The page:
There are several different antifungal preparations that are used to treat various fungal infections.They come as creams, shampoos, pessaries, medicines to take by mouth, and injections.
What are fungal infections?
- Fungal infections of the skin, nail, mouth and vagina
- Many types of fungal germs (fungi) live harmlessly in the soil, on food, on our skin and in other places in the environment. However, some types of fungi can thrive and multiply on the surface of the body, to cause infection of the skin, nails, mouth or vagina.
- The most common fungi to cause skin infections are the tinea group of fungi. For example, tinea pedis (athlete's foot) is a common fungal infection of the toes and feet. A common fungal infection of the mouth and vagina is called thrush. This is caused by an overgrowth of candida which is a yeast (a type of fungus). Small numbers of candida commonly live on the skin.
Fungal infections within the body
Fungal infections of the skin, nails, vagina and mouth are quite common, but are rarely serious and don't usually spread deeper into the body. If you are otherwise healthy and have a normal immune system, it is rare for fungi to affect internal organs. However, fungal infections of the heart, lung, brain and other organs sometimes do occur. These internal fungal infections can be serious and, sometimes, life-threatening.
Various types of fungus can cause internal infections. For example:
- Aspergillosis most commonly affects the lungs, but sometimes infects other organs.
- Cryptococcosis is uncommon, but can cause meningitis.
- Histoplasmosis is rare, but can cause serious infections of the lung and other organs.
You are more at risk of developing an internal fungal infection if your immune system does not work properly. For example, if you are taking chemotherapy, if you have HIV/AIDS, etc. Some people with a poor immune system are prescribed regular antifungal medication to prevent serious fungal infections from developing.
What are antifungal medicines and how do they work?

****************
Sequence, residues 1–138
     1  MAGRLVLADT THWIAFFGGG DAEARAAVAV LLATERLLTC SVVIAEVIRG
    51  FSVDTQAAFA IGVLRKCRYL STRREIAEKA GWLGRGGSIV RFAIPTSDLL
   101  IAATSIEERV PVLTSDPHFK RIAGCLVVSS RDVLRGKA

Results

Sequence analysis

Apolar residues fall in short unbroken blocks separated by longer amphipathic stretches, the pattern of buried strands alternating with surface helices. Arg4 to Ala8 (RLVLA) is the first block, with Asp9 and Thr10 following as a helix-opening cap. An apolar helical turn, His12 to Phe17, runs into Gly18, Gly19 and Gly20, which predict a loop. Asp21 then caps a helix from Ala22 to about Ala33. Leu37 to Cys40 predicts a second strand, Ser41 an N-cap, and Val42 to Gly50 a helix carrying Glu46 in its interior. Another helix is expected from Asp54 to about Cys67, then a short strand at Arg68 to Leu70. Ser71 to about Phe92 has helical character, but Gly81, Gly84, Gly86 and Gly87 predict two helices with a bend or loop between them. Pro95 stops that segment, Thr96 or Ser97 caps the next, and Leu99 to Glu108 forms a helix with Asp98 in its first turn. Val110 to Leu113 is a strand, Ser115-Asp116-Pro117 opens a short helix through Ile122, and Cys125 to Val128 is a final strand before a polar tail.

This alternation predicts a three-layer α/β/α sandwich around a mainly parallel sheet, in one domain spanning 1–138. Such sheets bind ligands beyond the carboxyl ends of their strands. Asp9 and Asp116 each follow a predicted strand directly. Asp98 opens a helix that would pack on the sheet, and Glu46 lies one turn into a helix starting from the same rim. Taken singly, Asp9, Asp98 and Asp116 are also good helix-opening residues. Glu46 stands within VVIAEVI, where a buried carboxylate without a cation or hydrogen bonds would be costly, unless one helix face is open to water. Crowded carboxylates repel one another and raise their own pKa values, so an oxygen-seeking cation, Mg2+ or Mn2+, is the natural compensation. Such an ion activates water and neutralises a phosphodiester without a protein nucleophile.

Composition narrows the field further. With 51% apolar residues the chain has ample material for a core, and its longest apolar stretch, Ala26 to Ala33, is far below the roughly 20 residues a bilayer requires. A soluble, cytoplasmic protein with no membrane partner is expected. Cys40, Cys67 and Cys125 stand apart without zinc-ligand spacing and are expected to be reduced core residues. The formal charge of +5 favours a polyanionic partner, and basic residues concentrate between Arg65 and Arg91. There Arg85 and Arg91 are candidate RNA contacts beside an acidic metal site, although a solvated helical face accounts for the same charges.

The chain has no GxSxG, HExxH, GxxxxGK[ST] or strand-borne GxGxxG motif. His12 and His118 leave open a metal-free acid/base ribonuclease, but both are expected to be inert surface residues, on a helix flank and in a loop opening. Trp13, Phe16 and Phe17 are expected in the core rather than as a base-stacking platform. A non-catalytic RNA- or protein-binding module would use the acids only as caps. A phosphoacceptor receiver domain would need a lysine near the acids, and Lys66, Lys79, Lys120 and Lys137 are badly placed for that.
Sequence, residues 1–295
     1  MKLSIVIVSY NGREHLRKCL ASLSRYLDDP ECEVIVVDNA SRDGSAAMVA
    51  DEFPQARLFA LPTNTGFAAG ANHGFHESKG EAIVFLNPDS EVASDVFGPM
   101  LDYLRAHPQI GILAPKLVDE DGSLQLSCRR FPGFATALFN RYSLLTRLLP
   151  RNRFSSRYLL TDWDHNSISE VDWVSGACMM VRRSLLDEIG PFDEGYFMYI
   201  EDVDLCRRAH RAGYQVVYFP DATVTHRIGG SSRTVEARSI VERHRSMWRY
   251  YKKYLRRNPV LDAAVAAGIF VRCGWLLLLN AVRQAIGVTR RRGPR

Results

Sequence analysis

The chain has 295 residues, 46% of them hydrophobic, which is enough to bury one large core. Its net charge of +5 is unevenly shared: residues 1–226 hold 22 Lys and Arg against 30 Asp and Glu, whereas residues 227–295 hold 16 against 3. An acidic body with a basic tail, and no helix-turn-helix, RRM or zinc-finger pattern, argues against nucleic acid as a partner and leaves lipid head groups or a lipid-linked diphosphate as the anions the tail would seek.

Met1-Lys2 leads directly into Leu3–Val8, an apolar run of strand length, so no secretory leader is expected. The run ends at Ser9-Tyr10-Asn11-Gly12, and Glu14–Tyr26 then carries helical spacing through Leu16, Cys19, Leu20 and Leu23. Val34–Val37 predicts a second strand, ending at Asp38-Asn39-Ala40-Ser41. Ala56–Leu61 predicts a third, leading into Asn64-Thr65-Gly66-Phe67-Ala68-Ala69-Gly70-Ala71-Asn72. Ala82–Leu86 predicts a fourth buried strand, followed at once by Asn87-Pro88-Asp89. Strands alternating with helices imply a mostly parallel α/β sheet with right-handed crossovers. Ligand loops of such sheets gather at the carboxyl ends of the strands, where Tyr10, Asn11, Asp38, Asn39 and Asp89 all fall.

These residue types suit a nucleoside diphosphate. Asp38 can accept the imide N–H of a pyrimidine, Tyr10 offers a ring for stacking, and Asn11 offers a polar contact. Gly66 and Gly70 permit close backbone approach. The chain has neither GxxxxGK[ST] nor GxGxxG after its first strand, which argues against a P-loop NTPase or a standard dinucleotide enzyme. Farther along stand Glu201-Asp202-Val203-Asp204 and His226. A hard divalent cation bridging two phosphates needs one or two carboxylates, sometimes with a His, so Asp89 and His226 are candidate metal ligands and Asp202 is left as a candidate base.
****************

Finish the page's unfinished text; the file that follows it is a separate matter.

- There are several types of antifungal medicines. They come as creams, pessaries (a tablet designed to go into the vagina), shampoos, medicines to take by mouth, and injections. Most work by damaging the cell wall of the fungus, which causes the fungal cell to die. People who are prescribed an antifungal injection are usually in hospital and are very ill.
Antifungal creams pessaries, or sprays (topical antifungals)
- These are used to treat fungal infections of the skin and vagina. They include: clotrimazole, econazole, ketoconazole, miconazole, tioconazole, terbinafine, nystatin, amorolfine and griseofulvin. They come in various different brand names.
- Sometimes an antifungal cream is combined with other creams when two actions are required. For example, an antifungal cream is often combined with a mild steroid cream, such as hydrocortisone, to treat certain rashes. The antifungal cream clears the infection, and the mild steroid cream reduces the inflammation caused by the infection.
- A shampoo which contains ketoconazole is sometimes used to treat scalp fungal infections.
Antifungal medicines taken by mouth
There are various types. For example:
- Miconazole comes as an oral gel, and nystatin come as a liquid. Neither of these medicines is absorbed through the gut into the body. They are used to treat candidal infections (thrush) of the mouth and throat.
- Terbinafine, itraconazole, fluconazole, ketoconazole, griseofulvin, posaconazole, and voriconazole come as tablets, which are absorbed into the body. They are used to treat various fungal infections. The one chosen depends on what type of infection you have. For example:
- Terbinafine is commonly used to treat nail infections which are usually caused by a tinea type of fungus.
- Fluconazole is commonly used to treat vaginal thrush, as an alternative to using antifungal cream. It is also used to treat and prevent certain fungal infections within the body.
What are the possible side-effects?
You should read the information leaflet that comes with your particular brand for a full list of cautions and possible side-effects. As a general rule:
- Antifungal creams and shampoos. These usually cause no side-effects and are easy to use. Occasionally, some women develop irritation around the vagina after applying vaginal antifungal products.
- Antifungal medicines by mouth. The most widely used are terbinafine for nail infections, miconazole, and nystatin for oral thrush, and fluconazole for vaginal thrush. These usually cause no side-effects. You can even buy fluconazole without a prescription at pharmacies, as it is considered a medicine which is unlikely to cause problems. Some antifungal preparations cause liver problems or other side-effects in a small number of people.
- Antifungal injections. These have more risk of causing side-effects and sometimes serious problems. However, these are used to treat serious fungal infections and the risk of side-effects needs to be balanced against the need for treatment.
Who cannot take or use antifungal medicines?
- Most people are able to use topical antifungals and take oral antifungals. However, even if you are unable to take one antifungal, your doctor can usually can find one to suit you.
- Some oral antifungals may interact with other medicines that you might take. This may cause reactions, or reduce the effectiveness of one or other of the treatments. So, when you are prescribed an antifungal, you should tell a doctor if you take other medicines.